Updated March 2014; May 2023
A legacy resource from NICHCY
Early intervention services are designed to address the developmental needs of eligible infants and toddlers with disabilities, ages birth to the third birthday, and their families. Early intervention is authorized by Part C of the Individuals with Disabilities Education Act (IDEA).
This page takes a summary look at early intervention systems in the United States, as follows:
- History of early intervention
- Early intervention now
- Statistics (including the number of children currently receiving early intervention services)
- Basic requirements that States must meet in order to participate in the Part C program.
A Wee Bit of History
In 1975, Congress passed Public Law 94-142, the landmark legislation that, today, we call IDEA. Back then, the law was called the Education of All Handicapped Children Act and focused on ensuring that all school-aged children would receive a free appropriate public education. Early intervention services for infants and toddlers with disabilities were not part of the legislation. The early intervention program for our youngest children with disabilities did not become part of the law until its reauthorization in 1986 (Public Law 99-457).
In 1986, Congress established the program of early intervention for infants and toddlers with disabilities in recognition of “an urgent and substantial need” to:
- enhance the development of handicapped infants and toddlers and to minimize their potential for developmental delay,
- reduce the educational costs to our society, including our Nation’s schools, by minimizing the need for special education and related services after handicapped infants and toddlers reach school age,
- minimize the likelihood of institutionalization of handicapped individuals and maximize the potential for their independent living in society, and
- enhance the capacity of families to meet the special needs of their infants and toddlers with handicaps. (1)
Early Intervention Now
We’ve come a long way since 1986. For one, we no longer use the term “handicapped” in IDEA!
But it’s also startling to see how virtually unchanged the findings of Congress are in the most current authorization of IDEA—passed in 2004 as Public Law 108-446. There are really only two differences between the Congressional findings of 1986 and those in 2004. The first is that the current law expressly acknowledges “the significant brain development that occurs during a child’s first 3 years of life.” The second is that Congress added one finding, which is:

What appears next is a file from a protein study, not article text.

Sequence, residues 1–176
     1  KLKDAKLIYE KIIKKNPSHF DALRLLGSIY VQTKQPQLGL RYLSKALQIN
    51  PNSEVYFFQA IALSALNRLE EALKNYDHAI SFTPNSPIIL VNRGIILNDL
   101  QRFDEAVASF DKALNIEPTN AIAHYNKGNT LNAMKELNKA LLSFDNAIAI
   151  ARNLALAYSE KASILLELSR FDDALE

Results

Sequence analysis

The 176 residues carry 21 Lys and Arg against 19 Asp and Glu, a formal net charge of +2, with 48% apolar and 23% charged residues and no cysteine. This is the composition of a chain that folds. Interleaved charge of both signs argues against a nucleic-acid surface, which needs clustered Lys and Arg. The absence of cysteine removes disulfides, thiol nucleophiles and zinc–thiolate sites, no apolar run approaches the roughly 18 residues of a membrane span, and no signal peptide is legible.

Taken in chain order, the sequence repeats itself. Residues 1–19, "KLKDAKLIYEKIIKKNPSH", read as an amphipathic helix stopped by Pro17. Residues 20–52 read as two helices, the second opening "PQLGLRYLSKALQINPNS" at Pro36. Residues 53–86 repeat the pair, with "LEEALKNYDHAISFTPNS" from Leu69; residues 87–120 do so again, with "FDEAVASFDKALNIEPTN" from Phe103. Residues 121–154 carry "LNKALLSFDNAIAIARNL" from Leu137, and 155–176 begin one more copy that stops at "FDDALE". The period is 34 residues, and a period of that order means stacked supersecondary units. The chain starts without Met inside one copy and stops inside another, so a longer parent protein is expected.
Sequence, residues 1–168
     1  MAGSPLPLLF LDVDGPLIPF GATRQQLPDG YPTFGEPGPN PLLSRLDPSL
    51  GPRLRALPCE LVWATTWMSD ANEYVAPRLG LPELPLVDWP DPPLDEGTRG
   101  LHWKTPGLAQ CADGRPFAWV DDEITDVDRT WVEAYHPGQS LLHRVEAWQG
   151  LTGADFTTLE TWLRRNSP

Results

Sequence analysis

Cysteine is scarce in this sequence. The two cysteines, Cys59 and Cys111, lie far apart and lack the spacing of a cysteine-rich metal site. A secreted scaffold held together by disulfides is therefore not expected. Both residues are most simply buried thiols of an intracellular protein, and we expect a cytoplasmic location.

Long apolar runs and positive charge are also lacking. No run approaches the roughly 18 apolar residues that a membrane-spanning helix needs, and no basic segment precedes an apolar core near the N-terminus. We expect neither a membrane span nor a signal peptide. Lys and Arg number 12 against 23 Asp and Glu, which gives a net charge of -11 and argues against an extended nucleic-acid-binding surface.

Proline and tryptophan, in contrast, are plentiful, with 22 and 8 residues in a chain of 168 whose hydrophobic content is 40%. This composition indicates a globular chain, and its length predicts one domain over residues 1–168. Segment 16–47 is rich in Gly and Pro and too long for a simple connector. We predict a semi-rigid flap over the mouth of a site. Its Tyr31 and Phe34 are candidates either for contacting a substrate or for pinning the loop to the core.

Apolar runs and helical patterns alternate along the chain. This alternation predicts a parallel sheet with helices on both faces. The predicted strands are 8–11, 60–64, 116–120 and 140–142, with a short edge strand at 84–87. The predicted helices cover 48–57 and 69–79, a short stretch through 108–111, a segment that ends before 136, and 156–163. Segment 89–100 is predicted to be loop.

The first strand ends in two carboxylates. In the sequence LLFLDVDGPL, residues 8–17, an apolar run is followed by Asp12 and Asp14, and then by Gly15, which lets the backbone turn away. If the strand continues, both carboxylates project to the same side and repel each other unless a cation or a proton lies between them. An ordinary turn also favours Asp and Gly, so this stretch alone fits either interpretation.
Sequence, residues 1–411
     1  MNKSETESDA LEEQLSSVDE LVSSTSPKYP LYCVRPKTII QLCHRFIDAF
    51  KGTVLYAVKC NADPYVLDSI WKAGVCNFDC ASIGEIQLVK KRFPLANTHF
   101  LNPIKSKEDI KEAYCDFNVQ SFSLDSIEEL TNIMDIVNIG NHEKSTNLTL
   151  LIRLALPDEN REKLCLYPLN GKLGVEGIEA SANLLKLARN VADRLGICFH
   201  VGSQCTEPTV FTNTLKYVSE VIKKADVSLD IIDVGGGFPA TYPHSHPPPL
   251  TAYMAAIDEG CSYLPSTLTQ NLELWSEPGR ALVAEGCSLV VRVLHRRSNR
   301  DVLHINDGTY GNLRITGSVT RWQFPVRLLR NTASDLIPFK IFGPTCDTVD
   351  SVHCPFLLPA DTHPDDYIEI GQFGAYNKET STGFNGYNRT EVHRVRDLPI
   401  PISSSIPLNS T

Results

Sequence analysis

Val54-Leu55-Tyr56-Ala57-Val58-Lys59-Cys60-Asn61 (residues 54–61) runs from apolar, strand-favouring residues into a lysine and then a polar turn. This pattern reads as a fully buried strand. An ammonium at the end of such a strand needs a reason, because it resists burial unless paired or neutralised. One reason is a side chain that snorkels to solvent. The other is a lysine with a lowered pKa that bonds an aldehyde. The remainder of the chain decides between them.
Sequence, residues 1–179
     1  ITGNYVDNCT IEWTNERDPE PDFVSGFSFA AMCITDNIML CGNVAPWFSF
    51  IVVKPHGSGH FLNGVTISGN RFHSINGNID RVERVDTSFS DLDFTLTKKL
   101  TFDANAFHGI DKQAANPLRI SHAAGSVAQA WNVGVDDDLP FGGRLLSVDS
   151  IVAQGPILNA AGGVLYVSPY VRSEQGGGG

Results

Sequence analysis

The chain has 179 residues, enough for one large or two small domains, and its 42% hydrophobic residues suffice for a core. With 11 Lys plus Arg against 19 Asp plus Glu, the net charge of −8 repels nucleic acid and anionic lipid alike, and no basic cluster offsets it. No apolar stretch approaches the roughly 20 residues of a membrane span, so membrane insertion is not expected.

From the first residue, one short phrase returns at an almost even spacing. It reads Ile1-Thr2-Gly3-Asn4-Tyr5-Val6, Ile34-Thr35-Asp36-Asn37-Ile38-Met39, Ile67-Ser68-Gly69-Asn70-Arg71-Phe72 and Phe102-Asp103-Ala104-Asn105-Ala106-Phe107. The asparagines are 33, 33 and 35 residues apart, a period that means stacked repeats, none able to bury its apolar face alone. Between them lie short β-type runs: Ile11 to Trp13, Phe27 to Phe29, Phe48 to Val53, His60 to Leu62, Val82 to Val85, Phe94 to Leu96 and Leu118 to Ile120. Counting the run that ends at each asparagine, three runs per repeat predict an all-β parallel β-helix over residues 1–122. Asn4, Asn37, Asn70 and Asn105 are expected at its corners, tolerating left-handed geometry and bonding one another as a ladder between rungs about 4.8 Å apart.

- to enhance the capacity of State and local agencies and service providers to identify, evaluate, and meet the needs of all children, particularly minority, low-income, inner city, and rural children, and infants and toddlers in foster care. (2)
Part H to Part C | As first authorized in 1986, the early intervention program was known as Part H of IDEA. It became Part C with the reauthorization of IDEA in 1997 and continues as Part C to the present day.
Regulations in 2011 | The field was quite excited in September of 2011 when new implementing regulations for the Part C program were published by the Office of Special Education Programs, U.S. Department of Education. States had been using previous regulations from 1999 as their guide to the requirements of the Part C legislation passed by Congress. For a copy of the 2011 regulations for the Part C program, visit:
Early Intervention Statistics
Currently, all States and eligible territories participate in the Part C program. Annual funding to each State is based upon census figures of the number of children, birth through 2, in the general population. Federal fiscal support via formula grants to States exceeds $438.5 million annually. (3)
How many infants and toddlers with disabilities (and their families) receive early intervention services under Part C of IDEA? According to the Data Accountability Center, in 2011, a total of 336,895 eligible infants and toddlers birth through age 2 received early intervention services under Part C of IDEA. This number is for all 50 states and the outlying areas of American Samoa, Guam, the Northern Mariana Islands, and the U.S. Virgin Islands. (4)
Meeting Basic Requirements
The current statute for IDEA and the regulations for Part C contain many requirements that States have to meet in order to participate in the Part C program. These include but aren’t limited to:
— assuring that early intervention will be available to every eligible infant or toddler in the State and those children’s families;
— designating a lead agency (a duty of the Governor) to receive the grant and administer the program;
— appointing an Interagency Coordinating Council (ICC) that includes, among others, parents of young children with disabilities, to advise and assist the lead agency; and